When Nate and I met, I was 5’ 5” and weighed 187 pounds, too much for me. But I was a college senior in charge of my own menu for the first time, happily living on the “Three C’s” (Cake, Cookies and Candy).
There was only one problem. I was picking up weight like a snowman being rolled on a good packing day. Nothing fit right, and I felt like an inflated balloon.
It was the sixties, and a brand new dieting idea had just arrived: Metrecal, a flavored liquid touted as “a meal in a can.” A little bit of will power and lots of Metrecal, and they said the weight would fall away like fur off a shedding dog. So several friends and I suffered through multiple cans of Metrecal every day while studying and attending classes, then spent our evenings rewarding our self-control by driving the neon lights: McDonalds, Mister Donut, 31 Flavors and Burger King.
Then I met Nate, and as fate would have it, he liked chubby! Although Twiggy was the reed-thin beauty standard of the day, Nate was more of a Rembrandt man. He believed women should be soft and round, everything the late sixties world said was unattractive. I was a blessed woman, probably the only bride in the country who didn’t go on a diet before her wedding.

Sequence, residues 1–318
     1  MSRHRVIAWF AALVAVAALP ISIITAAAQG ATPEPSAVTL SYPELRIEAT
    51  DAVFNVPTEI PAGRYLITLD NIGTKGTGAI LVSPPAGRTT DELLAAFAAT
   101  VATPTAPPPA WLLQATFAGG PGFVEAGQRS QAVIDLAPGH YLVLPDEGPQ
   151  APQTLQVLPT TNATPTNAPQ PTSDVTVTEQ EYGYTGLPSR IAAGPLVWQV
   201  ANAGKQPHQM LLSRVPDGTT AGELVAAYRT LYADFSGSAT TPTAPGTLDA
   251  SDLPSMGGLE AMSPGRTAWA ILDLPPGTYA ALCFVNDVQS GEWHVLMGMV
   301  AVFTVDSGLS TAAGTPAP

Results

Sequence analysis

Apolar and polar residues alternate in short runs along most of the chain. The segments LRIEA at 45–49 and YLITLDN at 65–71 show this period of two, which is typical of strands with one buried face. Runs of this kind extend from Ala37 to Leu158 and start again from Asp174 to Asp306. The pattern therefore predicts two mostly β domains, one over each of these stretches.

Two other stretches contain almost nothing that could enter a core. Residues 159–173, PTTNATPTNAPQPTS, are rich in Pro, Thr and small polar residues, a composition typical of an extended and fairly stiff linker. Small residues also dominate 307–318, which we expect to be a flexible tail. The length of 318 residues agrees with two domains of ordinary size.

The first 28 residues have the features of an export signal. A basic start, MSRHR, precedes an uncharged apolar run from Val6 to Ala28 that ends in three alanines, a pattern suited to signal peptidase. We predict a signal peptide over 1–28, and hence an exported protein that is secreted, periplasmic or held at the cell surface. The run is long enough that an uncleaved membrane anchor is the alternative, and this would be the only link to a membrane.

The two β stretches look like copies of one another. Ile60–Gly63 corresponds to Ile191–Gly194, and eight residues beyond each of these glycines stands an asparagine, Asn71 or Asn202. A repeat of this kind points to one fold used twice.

Throughout our marriage Nate held true to his position. Because I moved through seven pregnancies, I was fat a great deal of the time. He liked that. When I’d work hard to slim down afterwards he’d say, “Aren’t you getting too thin? Why don’t you put on a few pounds?”
What’s the proper attitude toward weight gain and loss? After a lifetime of yo-yo dieting, I can honestly say the only wise goal is to eat healthy. For me that doesn’t taste as good as the Three C’s. The fact that “healthy” is always the right choice is pretty hard to swallow.
Last week I went to the doctor for an annual physical. After listening to a reprimand (“You’re 14 years late on your colonoscopy”), I successfully opted out of an EKG and several other routine tests but agreed to a blood draw for a general health panel. Friday the doctor called with results. Everything was fine except my cholesterol count, much too high.
“This could get serious,” he warned. “Plaque causes strokes or heart attacks.” He quizzed me about any changes I’d made in my eating habits over the last two years, since my count had been good back then. I couldn’t think of a thing.
Then it hit me: rice cakes and peanut butter. In the last two years I’ve become an addict, enjoying four or five of them for every breakfast, occasional lunches and sporadic dinners. There’s nothing wrong with rice cakes. Its the multiple tablespoons of PB that have done me in.
So here I am, once again faced with that biblical principle of doing the right dietary thing. “Three months,” the doctor said. “Drop ten points each month, and we’ll re-test you in June. If you’re not down by 30, it’s medicine for you.”
So today’s been rough. Breaking a bad habit isn’t easy. What do they say… six weeks? Ouch. But our girls made a good point over the weekend. “Mom, if something happened to you so soon after Papa, that would be really bad.”
And of course they’re right. They did their part to help me get started by carting off the two giant jars of Jif I’d just purchased. I do want to act wisely and eat healthy, and I’m determined to drop 30 cholesterol points by June. More importantly, I want to live according to scriptural principles, in this case, moderation.
(Would honey on a rice cake be bad for cholesterol?)